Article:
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Laura Seitz, Deseret News
Zions Bank President Scott Anderson applauds as Heidi Redd, San Juan County land conservationist, accepts an award at a Sundance event honoring Utah women leaders in Park City on Thursday, Jan. 25, 2018.

PARK CITY — Speakers at the Utah Women's Leadership celebration during the Sundance Film Festival Thursday noted the impact of "Me Too," even finding the positives that are rising out of the movement.

"I think in the past women felt more competitive," actress and director Heather Graham said. "Now, I think women are banding together and they’re saying, 'There’s a sisterhood, and we want things to be better for all women.'"

Graham helped host the event and told attendees gathered for the luncheon and awards ceremony that during her time in the film industry, she had experienced multiple incidents of sexist behavior. Graham is also among the women who have cited sexual misconduct by Hollywood producer Harvey Weinstein.

The fifth-edition of the leadership celebration honored 12 Utah women who are stars in their own right of business, government, philanthropy and academia.

Honoree Pamela Atkinson, longtime advocate for Utah's homeless population and an adviser to Gov. Gary Herbert, said now is the time for communication to play a bigger role in addressing issues and moving forward together.

"All that's going on shows us that it's time to listen to each other," Atkinson said. "There's a time for talking, but taking the time to really listen to each other ... will help us heal, and we'll all be better for it."

The event, organized by Zions Bank and the Sundance Institute, began as an effort to highlight the work of Utah women in the film industry but has since drawn back for a wide-angle shot to capture the work of women leaders from multiple disciplines and professions.

Zions Bank President and CEO Scott Anderson said this year's edition was happening at a particularly appropriate time amid national conversations taking place about gender equity and the balance of power in the work world.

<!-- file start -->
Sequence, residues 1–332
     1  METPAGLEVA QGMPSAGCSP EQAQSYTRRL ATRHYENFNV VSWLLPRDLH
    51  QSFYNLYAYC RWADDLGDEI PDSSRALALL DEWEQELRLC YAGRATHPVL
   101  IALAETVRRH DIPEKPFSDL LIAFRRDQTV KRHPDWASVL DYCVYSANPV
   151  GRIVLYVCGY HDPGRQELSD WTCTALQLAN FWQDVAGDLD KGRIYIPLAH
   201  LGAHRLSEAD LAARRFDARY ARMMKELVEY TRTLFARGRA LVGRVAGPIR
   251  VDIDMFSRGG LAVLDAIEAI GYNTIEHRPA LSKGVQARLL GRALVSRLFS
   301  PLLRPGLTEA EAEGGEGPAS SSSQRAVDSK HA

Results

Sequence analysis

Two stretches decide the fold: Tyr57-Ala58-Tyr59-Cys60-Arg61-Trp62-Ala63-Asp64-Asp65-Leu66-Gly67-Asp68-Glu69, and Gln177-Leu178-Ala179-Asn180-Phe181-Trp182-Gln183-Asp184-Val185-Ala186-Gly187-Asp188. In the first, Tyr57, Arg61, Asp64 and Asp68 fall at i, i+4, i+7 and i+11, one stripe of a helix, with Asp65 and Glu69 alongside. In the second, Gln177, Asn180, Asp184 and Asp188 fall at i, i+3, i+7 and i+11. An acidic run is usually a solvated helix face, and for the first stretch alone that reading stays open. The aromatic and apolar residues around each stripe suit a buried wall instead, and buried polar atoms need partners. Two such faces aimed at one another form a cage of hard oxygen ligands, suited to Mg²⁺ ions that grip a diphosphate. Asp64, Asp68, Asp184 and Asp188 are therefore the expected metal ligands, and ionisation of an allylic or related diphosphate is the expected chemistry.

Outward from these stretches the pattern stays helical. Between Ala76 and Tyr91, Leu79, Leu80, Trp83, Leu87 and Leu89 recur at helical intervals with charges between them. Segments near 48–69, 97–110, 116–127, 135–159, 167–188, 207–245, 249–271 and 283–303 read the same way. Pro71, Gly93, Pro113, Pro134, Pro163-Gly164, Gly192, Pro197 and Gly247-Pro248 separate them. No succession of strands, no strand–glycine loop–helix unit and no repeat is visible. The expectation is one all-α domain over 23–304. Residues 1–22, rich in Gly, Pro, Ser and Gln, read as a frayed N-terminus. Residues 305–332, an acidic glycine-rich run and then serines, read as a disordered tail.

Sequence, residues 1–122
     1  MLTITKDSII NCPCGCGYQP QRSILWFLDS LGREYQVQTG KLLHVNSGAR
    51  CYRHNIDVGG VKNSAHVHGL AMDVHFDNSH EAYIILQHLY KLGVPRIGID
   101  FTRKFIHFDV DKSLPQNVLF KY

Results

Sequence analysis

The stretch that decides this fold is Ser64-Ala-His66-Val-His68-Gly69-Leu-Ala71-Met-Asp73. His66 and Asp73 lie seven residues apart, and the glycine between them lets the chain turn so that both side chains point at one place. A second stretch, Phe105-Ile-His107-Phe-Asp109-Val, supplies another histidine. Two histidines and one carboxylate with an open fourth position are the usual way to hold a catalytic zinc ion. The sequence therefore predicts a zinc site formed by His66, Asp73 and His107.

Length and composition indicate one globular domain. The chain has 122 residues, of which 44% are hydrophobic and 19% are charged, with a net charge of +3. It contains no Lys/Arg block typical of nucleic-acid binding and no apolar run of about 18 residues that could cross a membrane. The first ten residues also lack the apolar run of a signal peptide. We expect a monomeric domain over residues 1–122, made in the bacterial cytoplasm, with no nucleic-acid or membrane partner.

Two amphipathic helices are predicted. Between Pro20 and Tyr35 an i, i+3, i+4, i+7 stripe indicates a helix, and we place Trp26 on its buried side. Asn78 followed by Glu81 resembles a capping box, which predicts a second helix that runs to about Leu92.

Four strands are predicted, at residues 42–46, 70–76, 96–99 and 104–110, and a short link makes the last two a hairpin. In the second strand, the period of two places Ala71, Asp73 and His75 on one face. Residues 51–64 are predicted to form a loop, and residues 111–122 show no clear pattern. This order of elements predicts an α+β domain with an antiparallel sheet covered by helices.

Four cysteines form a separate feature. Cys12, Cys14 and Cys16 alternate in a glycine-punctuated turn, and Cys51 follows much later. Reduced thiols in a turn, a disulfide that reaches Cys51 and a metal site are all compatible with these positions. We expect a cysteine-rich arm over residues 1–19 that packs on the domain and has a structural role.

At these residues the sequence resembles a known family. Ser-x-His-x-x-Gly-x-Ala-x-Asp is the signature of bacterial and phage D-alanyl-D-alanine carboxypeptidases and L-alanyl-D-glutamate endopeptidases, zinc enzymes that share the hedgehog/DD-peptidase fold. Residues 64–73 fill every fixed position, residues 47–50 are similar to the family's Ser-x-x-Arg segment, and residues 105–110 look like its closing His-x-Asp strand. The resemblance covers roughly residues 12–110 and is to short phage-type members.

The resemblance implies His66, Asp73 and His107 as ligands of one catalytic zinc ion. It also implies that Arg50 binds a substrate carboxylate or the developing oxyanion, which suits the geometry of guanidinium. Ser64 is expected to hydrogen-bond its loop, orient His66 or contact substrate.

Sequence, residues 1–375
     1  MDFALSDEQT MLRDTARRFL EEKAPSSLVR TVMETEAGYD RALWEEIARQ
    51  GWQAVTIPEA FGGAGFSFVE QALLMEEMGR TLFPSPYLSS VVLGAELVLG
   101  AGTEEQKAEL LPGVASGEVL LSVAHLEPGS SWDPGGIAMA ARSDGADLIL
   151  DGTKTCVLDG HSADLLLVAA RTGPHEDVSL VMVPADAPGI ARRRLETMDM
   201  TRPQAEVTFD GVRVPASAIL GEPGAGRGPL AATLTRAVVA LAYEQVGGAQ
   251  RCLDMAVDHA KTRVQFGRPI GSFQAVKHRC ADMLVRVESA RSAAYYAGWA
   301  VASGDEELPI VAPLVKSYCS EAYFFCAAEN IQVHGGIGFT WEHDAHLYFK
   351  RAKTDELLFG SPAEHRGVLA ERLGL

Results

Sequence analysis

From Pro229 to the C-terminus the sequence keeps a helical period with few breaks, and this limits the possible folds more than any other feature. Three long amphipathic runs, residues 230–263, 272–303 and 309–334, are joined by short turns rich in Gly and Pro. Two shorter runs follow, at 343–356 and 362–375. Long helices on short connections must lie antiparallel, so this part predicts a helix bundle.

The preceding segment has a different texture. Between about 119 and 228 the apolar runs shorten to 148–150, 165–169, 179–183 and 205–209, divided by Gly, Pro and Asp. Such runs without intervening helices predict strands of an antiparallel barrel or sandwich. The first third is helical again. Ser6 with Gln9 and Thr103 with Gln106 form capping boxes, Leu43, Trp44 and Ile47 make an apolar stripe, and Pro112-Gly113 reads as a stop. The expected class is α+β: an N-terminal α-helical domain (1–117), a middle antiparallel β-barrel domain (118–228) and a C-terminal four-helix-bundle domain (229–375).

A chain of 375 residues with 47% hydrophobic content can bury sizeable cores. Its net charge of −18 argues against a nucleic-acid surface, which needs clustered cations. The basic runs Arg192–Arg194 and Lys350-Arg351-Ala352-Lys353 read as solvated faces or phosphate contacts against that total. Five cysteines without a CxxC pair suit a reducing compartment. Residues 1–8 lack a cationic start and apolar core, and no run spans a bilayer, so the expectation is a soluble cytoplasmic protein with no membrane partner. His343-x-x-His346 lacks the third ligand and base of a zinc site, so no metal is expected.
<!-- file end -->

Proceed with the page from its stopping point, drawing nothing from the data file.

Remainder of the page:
"I think this year's celebration is very timely as we celebrate this group of Utah women who have distinguished themselves as leaders," Anderson said. "What we've seen coming to light recently is something that's been happening for a long time and is evidence of, really, inappropriate uses of power."

Graham has a new film coming out in February, "Half Magic," that she said was inspired in part by the need to respond to this darker part of the world of moviemaking. She also noted that one of the positives coming out of the public conversations about sexual harassment and sexual misconduct is how it was drawing women together.

Salt Lake City restaurateur Lucy Cardenas, president of the Red Iguana restaurant group, noted she faced the double challenges in the business world as a woman and a Mexican-American. Cardenas, who built her popular chain of eateries from a humble west-side venue of 18-seats into a multilocation mini-empire, said in spite of her successes, changes are still needed to level the playing field for all.

"Utah still has challenges and we need to do better," Cardenas said. "But I'm inspired and excited by seeing all these amazing women here today who are accomplished and leaders in their fields. It's an honor to be among them."

Sundance veteran Margaret Gilles, a Denver resident, said there was a noticeable difference to the energy of the Sundance Film Festival compared to past years, and that the Women's Leadership gathering seemed to capture the essence of the change of vibe.

"It's still very much about the art of film and the people who excel in this medium," Gilles said. "But just hearing the conversations going on and talking to other people here this year, there's a lot of talk about the "Me Too" and "Time's Up" movements.

"And, being here to see these women being honored is, hopefully, showing the way we should be heading."

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Other women honored Thursday were Dianne James, chief human resources officer, Zions Bank; Stephenie Larsen, founder, Encircle House; Rebecca Livermore, visual artist; Sen. Ann Millner, R-Ogden and Zions Bank advisory board member; Patricia Morton, dean, University of Utah School of Nursing; Judge Jill Parrish, U.S. District Court District of Utah; Virginia Pearce, director, Utah Film Commission; Heidi Redd, Utah land conservationist; Salt Lake County Sheriff Rosie Rivera; and Carrie Romano, CEO, Intermountain Ronald McDonald House.

Lifetime achievement awards were also given to screen legend and Sundance Institute founder/President Robert Redford and actress, producer and women's rights activist Geena Davis.